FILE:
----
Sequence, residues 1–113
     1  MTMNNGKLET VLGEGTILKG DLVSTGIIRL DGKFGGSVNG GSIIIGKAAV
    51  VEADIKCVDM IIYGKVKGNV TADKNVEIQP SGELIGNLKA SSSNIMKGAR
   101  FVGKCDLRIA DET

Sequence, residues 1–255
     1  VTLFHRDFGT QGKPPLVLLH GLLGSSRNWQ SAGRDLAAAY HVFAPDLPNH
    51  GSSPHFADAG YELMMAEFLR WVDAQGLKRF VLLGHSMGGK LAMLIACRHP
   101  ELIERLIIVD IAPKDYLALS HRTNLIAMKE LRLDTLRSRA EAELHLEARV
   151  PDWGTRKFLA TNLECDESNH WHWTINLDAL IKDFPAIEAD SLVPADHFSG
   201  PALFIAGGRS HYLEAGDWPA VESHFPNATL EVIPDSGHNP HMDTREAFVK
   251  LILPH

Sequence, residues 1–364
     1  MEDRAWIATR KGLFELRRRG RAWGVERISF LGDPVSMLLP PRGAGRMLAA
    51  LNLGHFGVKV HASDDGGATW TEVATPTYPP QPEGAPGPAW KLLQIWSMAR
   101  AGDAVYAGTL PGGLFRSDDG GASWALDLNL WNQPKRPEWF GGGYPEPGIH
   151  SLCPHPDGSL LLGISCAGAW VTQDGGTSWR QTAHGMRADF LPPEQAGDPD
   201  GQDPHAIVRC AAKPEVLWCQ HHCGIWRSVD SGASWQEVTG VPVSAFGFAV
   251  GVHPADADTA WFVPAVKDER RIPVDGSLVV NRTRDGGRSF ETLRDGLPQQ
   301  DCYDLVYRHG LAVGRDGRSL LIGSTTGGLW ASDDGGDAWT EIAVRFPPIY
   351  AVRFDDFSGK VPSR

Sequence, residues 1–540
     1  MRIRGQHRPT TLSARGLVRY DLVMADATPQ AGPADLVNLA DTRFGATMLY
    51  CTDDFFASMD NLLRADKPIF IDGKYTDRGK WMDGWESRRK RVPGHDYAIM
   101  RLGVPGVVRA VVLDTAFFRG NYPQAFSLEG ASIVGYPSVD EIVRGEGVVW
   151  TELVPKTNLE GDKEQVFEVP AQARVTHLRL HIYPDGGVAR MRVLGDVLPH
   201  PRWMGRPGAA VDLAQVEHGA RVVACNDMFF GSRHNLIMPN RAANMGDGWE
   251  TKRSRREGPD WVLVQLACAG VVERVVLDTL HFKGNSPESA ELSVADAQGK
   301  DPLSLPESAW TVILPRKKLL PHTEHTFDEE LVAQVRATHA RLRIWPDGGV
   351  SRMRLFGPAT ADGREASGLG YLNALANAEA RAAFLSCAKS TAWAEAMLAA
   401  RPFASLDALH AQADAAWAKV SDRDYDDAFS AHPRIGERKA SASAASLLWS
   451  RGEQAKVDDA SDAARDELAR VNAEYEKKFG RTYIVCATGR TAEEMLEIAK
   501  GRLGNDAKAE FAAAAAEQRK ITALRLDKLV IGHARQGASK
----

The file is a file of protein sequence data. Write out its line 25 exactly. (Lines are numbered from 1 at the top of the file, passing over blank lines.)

   151  TELVPKTNLE GDKEQVFEVP AQARVTHLRL HIYPDGGVAR MRVLGDVLPH